The babies in the river and a stain on our national conscience

By Jill Segger
December 25, 2013

It's a good day for a story about babies. The parable of the babies in the river tells of a settlement on a riverbank whose inhabitants began to notice infants floating downstream. As each one came by, someone would jump in and rescue it. As the days went by, more and more babies were pulled from the water, fed, clothed and taken care of to the best of the villagers' ability.

Eventually, the number of children became too great and the village was overwhelmed. The community was divided between those who deplored the situation and others who recognised the need to go upstream to find and address the cause of the unfolding calamity.

This tale has presented itself vividly to my mind over recent days. Conversations with two government MPs and the public statements of ministers, have reinforced the belief that the best of them belong to the diving into the river camp. A good constituency member told me of cases of benefit sanctions in which he has laudably intervened for a just outcome. But it was evident that he perceived these as isolated and random phenomena. At worst, they were “stupid” incidents where bureaucrats had failed to act with common sense.

When I offered him some cases of sanctions reported by other MPs and well-attributed information from a DWP 'mole' which put beyond reasonable doubt the fact that there is a wider official, if concealed, policy of sanctioning, he was obviously unsettled. But he showed no willingness to admit or investigate the possibility of an upstream cause. The other MP with whom I spoke (and neither of these politicians are from the wilder reaches of Conservative ideology) did not seem to even have noticed that babies were floating down the river. And of course, what you do not see, you may be inclined to dismiss as fantasy when someone else reports seeing it. Apparently, there could be no question of a policy or targets in relations to sanctions because Iain Duncan Smith had denied it and a minister “just couldn't get away with lying like that”.

Mr Duncan Smith belongs in yet another category. He appears to believe that both the river and the babies are an invention of malevolently inclined opponents of his policies. The minister has justified his refusal to meet with the Trussell Trust to discuss the connection between the growing use of foodbanks, welfare cuts and sanctions, by accusing the organisation of “scaremongering” and “seeking publicity”.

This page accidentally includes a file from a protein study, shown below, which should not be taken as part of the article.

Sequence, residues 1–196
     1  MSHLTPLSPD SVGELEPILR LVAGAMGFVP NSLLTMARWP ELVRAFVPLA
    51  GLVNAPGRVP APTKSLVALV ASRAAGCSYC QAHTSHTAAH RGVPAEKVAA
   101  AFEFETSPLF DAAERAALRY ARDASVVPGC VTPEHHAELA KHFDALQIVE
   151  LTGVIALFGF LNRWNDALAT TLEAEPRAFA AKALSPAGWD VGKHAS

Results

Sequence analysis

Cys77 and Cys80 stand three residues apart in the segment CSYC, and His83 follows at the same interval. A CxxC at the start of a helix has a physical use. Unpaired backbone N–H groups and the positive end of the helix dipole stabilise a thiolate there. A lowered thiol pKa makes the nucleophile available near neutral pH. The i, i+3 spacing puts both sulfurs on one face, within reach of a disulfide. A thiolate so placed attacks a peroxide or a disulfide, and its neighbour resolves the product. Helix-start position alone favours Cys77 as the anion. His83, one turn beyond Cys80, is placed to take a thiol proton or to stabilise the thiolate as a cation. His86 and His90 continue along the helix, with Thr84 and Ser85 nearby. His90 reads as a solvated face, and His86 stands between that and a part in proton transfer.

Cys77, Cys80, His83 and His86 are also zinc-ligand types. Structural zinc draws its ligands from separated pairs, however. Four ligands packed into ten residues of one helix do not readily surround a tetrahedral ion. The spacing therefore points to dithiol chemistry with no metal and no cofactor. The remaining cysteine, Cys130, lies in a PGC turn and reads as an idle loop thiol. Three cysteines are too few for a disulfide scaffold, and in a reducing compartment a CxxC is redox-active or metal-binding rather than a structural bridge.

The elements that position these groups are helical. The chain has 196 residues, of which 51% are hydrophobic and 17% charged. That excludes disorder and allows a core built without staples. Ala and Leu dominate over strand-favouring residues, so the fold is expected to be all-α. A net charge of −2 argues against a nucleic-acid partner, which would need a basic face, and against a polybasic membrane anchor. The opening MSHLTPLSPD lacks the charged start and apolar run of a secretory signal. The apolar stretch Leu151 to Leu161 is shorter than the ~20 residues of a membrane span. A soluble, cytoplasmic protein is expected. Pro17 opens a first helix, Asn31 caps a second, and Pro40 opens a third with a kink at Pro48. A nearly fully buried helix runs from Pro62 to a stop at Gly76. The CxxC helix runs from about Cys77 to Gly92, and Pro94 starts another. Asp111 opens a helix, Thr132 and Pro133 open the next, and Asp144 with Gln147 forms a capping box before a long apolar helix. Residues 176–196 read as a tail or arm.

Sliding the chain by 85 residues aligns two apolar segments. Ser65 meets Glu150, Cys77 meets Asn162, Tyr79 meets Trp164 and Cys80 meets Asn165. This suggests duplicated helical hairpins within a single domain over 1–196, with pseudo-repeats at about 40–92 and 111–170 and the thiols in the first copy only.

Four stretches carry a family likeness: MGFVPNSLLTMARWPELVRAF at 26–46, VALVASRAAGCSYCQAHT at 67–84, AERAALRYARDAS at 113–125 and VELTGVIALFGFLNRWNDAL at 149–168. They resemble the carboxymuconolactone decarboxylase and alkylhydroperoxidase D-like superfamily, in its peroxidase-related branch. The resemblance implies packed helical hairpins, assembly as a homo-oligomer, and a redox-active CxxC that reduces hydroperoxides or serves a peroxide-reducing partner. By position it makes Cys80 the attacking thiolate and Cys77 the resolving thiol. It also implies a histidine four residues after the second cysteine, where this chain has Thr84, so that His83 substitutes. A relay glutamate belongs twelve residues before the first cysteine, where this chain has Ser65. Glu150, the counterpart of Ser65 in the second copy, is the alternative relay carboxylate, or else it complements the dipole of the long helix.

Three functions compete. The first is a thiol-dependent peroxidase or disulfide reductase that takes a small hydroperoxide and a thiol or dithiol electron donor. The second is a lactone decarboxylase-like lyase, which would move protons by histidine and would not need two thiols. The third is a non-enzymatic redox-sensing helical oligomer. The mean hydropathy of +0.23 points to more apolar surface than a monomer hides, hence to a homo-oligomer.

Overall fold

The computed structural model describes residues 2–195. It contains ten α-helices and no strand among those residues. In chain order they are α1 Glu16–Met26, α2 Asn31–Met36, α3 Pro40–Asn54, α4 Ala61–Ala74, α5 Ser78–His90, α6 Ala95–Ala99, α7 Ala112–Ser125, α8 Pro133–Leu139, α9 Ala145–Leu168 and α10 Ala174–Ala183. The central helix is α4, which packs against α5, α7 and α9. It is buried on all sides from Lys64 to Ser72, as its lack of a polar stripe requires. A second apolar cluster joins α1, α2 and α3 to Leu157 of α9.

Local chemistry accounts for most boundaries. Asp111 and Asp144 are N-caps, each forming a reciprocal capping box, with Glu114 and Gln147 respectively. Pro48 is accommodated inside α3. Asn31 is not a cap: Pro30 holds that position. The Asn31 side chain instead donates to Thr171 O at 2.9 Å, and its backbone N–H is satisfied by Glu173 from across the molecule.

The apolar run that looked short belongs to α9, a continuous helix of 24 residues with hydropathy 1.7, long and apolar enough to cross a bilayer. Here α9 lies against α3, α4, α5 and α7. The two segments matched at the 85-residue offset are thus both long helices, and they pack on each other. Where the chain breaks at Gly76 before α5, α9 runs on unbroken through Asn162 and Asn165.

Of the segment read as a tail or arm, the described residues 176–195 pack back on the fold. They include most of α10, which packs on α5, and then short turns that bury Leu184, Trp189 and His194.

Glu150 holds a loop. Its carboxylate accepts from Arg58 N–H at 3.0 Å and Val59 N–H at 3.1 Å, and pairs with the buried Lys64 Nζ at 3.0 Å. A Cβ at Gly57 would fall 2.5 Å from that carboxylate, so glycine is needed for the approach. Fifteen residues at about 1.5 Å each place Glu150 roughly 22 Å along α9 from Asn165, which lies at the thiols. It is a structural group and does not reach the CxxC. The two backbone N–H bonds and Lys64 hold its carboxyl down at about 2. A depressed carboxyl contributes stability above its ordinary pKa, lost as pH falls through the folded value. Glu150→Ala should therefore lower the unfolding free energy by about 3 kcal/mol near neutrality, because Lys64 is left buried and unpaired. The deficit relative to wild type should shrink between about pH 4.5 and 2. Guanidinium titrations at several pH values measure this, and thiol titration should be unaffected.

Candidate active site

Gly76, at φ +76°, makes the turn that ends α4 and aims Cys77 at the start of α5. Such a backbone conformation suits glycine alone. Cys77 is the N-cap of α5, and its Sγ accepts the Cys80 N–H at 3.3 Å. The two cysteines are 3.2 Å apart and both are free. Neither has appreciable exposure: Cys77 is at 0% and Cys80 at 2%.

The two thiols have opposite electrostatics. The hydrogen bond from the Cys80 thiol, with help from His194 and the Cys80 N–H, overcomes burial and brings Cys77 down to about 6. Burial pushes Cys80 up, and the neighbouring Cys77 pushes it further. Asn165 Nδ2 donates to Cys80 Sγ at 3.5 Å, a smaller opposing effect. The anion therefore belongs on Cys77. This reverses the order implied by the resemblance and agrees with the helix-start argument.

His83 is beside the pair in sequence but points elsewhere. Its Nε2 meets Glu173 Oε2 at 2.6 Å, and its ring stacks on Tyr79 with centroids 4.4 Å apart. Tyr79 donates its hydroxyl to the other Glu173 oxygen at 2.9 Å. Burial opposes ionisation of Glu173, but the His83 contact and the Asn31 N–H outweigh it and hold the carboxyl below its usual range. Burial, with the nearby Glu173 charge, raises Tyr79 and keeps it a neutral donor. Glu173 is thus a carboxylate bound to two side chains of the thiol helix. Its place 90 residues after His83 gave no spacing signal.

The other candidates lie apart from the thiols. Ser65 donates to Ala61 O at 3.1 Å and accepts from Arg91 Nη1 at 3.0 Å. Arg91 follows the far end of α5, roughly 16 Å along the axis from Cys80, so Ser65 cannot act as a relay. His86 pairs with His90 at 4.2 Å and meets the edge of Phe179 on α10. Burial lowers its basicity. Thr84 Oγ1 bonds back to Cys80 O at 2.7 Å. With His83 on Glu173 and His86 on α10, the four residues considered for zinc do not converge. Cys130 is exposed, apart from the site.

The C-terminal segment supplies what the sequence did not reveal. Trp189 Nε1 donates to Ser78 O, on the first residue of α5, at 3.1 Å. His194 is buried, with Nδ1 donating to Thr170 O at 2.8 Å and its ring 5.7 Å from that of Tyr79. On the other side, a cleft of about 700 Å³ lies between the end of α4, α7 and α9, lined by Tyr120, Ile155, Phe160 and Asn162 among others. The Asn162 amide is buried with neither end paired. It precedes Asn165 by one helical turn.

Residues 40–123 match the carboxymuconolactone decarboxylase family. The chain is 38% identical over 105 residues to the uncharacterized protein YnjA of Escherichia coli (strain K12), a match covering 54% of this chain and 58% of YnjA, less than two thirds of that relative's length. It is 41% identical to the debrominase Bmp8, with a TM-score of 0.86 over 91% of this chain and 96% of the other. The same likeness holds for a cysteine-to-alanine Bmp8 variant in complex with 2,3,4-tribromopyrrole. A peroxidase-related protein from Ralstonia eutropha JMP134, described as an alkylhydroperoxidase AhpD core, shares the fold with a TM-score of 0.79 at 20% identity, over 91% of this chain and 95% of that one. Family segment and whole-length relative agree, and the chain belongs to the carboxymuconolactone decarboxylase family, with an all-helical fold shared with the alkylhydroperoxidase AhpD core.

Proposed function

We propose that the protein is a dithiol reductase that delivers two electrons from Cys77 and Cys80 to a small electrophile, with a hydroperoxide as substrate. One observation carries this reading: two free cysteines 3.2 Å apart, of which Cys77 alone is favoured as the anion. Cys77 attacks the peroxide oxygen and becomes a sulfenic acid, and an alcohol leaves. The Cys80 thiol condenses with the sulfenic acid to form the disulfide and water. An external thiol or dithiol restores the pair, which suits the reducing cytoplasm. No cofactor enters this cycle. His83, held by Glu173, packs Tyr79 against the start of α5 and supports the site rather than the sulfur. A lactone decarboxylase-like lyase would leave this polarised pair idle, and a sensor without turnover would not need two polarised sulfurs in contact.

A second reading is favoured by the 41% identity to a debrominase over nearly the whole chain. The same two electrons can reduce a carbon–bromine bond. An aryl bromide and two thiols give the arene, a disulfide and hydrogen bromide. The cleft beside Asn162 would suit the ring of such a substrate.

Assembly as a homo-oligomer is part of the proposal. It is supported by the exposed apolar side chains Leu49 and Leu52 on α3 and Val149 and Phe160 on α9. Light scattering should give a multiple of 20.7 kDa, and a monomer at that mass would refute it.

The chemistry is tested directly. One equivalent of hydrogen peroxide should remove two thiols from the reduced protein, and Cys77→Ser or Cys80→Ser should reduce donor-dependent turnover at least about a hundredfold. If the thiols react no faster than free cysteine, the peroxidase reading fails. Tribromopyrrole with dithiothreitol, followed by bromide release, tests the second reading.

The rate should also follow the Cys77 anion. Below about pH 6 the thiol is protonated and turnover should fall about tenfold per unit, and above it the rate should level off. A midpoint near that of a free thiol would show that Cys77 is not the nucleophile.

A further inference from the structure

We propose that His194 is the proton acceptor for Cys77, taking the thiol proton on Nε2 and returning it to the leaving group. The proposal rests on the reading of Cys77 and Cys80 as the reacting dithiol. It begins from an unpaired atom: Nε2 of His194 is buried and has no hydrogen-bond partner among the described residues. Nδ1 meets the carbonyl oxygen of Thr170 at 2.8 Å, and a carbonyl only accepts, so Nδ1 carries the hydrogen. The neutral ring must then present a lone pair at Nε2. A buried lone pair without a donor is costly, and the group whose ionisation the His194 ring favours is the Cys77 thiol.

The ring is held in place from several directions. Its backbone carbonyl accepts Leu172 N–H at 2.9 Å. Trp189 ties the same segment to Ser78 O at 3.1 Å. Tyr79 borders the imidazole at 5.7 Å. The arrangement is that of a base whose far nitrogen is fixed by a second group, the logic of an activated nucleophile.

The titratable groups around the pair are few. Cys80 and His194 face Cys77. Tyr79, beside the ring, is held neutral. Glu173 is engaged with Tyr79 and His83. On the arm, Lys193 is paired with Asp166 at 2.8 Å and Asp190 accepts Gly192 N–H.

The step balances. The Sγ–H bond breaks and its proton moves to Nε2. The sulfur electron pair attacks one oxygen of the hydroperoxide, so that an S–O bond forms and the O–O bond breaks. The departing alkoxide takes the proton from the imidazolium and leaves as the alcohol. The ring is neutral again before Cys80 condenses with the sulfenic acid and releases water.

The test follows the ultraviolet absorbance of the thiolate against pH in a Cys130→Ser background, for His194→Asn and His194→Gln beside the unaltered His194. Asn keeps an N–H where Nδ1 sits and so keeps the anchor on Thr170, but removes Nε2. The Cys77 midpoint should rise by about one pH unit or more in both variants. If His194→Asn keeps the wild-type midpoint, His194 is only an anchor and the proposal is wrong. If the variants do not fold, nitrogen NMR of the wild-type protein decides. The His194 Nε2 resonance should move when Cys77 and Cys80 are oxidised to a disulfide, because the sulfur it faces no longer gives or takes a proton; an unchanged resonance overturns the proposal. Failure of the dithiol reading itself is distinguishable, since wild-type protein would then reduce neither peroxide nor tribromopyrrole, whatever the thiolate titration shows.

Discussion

Taking their cue from this exemplar of scornful dismissal, many government MPs sank to a new low in the Commons last week. During the debate on foodbanks and hunger in the UK, triggered by a petition launched by campaigner Jack Monroe with the support of the Trussell Trust, they jeered as Opposition members recounted the suffering of many of their constituents.

Admittedly, this was an Opposition Day Motion brought by Labour and it has been argued that it would have been better not to have framed the motion so as to seek to make party capital from the debate. But that does not alter the simple fact that in one of the world's wealthiest countries, a growing number of people cannot afford to feed themselves or their families.

Today (25 December), the Archbishop of York John Sentamu called this “a stain on the conscience of our nation”, while the former Archbishop of Canterbury, Rowan Williams castigated Iain Duncan Smith for his comments

There are many of us who will not yet have decided who will get our vote in 2015. We are unlikely to give support to politicians who are unable or unwilling to acknowledge that their policies could be wrong or have unintended consequences. It is probable that we will be reluctant to cast a ballot for those who lack the rationality and moral intelligence required to weigh evidence with integrity – particularly when that evidence points to inconvenient truth. It is certain that few of us will vote for men and women who mock the hardship of others for political gain. The bishops are speaking out. In this season of revolutionary love, let us, as citizens, voters, people of faith and of good faith, “try what love can do.”

* Christmas on Ekklesia:


© Jill Segger is an Associate Director of Ekklesia with particular involvement in editorial issues. She is a freelance writer who contributes to the Church Times, Catholic Herald, Tribune, Reform and The Friend, among other publications. Jill is an active Quaker. See: You can follow Jill on Twitter at:

Although the views expressed in this article do not necessarily represent the views of Ekklesia, the article may reflect Ekklesia's values. If you use Ekklesia's news briefings please consider making a donation to sponsor Ekklesia's work here.